Place a couple cast-iron skillets, or whatever you use to make pancakes, on the stovetop and turn the heat to medium, or medium-low. Once the skillets are hot, coat the bottoms with a tablespoon or two of butter. Carefully, with minimal handling, arrange the muffins in the pan so they’re close, but not touching, and fry them for 3-4 minutes on each side, adding more butter (optional) when you flip them. (Depending on how many muffins you’ve made, and how many skillets you have going, you may have to do this in shifts.)

Transfer the grilled muffins to a parchment-lined baking sheet and, when the pan is full, bake them at 350 degrees for about 10 minutes.

Serve warm, with lots of butter and jam. Freeze the leftovers.

This same time, years previous: guayaba bars, official, the quotidian (11.16.11), peanut butter cream pie.

12 comments:

  1. OK, now you've done it. I have put this book on hold at my library (not in VA), and I will be salivating over all the breakfasts. I am not an English muffin lover, per se, but this book looks like it has promise for me. Thanks, Jennifer!

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  2. My starter passed away in the insanity of the move despite my best intentions. And until the oven ancient by Indiana Jones standards gets a new thermostat or the insurance company declares the 38 year old dead I won’t get another started. But you can bet I will move these beauties to the top of the list.

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    1. PS
      I have “the” book on order. Only one in at least four counties. Hope to have it soon.

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  3. Hi Jennifer,
    When you bake the muffins - the final step - what should the oven temperature be?

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    Replies
    1. Thank you for catching that! 350 degrees --- I made the change in the post.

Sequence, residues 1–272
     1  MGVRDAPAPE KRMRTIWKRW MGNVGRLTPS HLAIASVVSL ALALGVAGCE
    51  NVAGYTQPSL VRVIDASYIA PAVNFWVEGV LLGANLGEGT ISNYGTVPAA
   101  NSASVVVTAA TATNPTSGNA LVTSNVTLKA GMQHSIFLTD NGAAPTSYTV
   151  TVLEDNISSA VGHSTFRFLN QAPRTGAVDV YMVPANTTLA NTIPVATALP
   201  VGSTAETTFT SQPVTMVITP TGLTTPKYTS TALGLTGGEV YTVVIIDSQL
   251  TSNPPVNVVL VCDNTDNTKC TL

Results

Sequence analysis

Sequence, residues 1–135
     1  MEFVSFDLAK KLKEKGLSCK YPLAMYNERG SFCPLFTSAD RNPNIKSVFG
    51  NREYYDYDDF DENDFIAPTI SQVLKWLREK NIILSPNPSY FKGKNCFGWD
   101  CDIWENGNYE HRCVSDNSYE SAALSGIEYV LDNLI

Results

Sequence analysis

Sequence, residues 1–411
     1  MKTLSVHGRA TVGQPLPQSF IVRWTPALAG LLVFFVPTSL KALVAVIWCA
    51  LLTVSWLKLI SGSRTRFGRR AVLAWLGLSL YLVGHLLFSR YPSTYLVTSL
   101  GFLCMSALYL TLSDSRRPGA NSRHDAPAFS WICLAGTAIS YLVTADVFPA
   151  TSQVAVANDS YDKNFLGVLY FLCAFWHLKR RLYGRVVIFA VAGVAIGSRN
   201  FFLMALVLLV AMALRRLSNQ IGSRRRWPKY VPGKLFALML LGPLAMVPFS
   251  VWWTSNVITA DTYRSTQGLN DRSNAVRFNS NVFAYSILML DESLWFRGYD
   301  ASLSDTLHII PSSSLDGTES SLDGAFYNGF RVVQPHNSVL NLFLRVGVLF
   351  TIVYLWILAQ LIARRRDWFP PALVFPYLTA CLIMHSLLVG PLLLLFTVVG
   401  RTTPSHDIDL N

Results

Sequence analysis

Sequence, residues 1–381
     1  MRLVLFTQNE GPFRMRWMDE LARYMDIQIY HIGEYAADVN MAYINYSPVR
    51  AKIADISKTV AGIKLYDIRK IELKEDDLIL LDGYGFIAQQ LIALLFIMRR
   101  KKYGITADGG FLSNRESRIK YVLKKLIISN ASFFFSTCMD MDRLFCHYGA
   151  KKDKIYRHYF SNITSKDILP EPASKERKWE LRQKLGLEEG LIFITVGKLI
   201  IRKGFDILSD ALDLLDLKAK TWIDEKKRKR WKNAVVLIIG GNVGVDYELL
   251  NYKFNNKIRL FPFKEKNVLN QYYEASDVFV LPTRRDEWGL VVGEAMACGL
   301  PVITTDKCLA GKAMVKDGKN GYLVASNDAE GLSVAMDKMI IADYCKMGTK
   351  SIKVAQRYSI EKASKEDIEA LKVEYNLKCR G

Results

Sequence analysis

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  4. Oops, it's me that has it on hold here, your post about it made me eager to see it. And those English Muffins look amazingly delicious!

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    1. Haha! I'm glad it's at least one of MY readers who has the hold! Makes it feel like it's still in the family. You should get an alert today that it's available -- I returned it yesterday. But guess what. You only get two weeks because I'M putting it back on hold straightaway. Cook fast!!!

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  5. Under the same heading of delicious-British-breakfast-bready-things, have you ever tried making crumpets? I was surprised, they're way easier than I would have thought! I use this recipe: https://www.davidlebovitz.com/crumpets-recipe/

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  6. Where do you recommend acquiring a good sourdough starter? I tried a mail order one a few years back and didn't have very good luck with it. I don't know anyone local who has one.
    I'd love to start baking with sourdough!

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    Replies
    1. I've never ordered one for myself, so I'm not sure, but King Arthur might be a good place to look, as well as bakeries from the San Francisco area (the land of the famous Nancy Silverton bread).

      Locally, you could check in with good bakeries in your area and see if they have starter to share, or you could make starter from scratch, if you're feeling courageous.

      Too bad we don't live closer --- I'd happily give you some of mine!

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  7. Happy Thanksgiving! I was just thinking, I wonder if your starter would survive the mail? I live in Washington. I'd happily pay for the postage.
    Also, what sourdough book (if any) do you recommend? I'd really like to jump in with 2 feet!
    Thank you!